Paranoid Technology All things cybersecurity

18May/17Off

Wanna Cry?!!! We do…

The cyber-attack that happened earlier this week reminded us of the questions posed in our March post – Initial Thoughts on Wikileaks Vault 7 Leak Series:

This wikileak points to increasing erosion of public safety - despite having these tools at hand, world governments (US, UK, Germany) continue to push for encryption back doors. Equation Group’s leak (NSA) late 2016 and this latest CIA leak once again prove all organizations have their OpSec issues - the three letter agencies are themselves at risk; backdoors, once discovered, work just as well for foreign spies, cyber-criminals and script kiddies.  Who is protecting the innocent? “

Apparently no one… Is the NSA going to step up and accept responsibility? Maybe if hell freezes over – “Cannot either deny or confirm the existence of these weapons…” Well, everybody else did – who cares if you do or don’t?!!

Interestingly, even Chinese state media called for the NSA to take some responsibility, how ironic… Like they should be talking…

24Sep/14Off

Cyber Information Sharing Act

Cybersecurity Information Sharing Act (CISA) - A.K.A Cybersecurity Information Sharing and Protection Act (CISPA) - is the latest excitement after PIPA and SOPA. Once dropped already CISA is back in discussion after some privacy concerns were addressed thanks to Senators Dianne Feinstein (D-Calif.) and Saxby Chambliss (R-Ga.).  There are a healthy amount of reasons to be skeptical about CISA given government's recent NSA overreach; this “voluntary” information sharing between private companies and the government has some broad language that leaves room for unwarranted datamining taps and hack-back activities for domestic cybersecurity. In summary the bill proposes the following (read between the lines 😉 ):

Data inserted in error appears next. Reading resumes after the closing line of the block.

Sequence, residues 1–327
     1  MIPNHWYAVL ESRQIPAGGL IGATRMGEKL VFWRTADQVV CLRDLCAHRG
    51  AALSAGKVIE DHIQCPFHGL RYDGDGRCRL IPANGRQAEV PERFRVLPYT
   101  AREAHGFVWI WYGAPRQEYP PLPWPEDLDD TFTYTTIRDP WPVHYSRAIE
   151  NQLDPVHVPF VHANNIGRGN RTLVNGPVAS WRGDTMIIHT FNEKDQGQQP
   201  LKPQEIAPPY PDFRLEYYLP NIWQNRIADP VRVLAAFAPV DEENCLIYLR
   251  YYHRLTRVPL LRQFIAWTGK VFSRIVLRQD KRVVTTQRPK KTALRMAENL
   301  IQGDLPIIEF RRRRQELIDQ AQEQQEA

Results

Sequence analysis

15Nov/12Off

President Signs Secretive Cybersecurity Policy Directive

President Obama has long said cyber security is one of his priorities and it appears he is now acting on his words.

According to the Washington Post, he is said to have signed a secret policy directive last month that will give the military and other government authorities the ability to act quickly if the country comes under cyber attack.

Dubbed the "Presidential Policy Directive 20," this classified document allegedly outlines the rules of how federal agencies are allowed to react when it comes to online breaches of security, hacking, cyber threats, and attacks.

One of the major elements of the directive, according to the Washington Post, is that it deals with "offensive" versus "defensive" action and makes the distinction between network defense and cyber operations.

   
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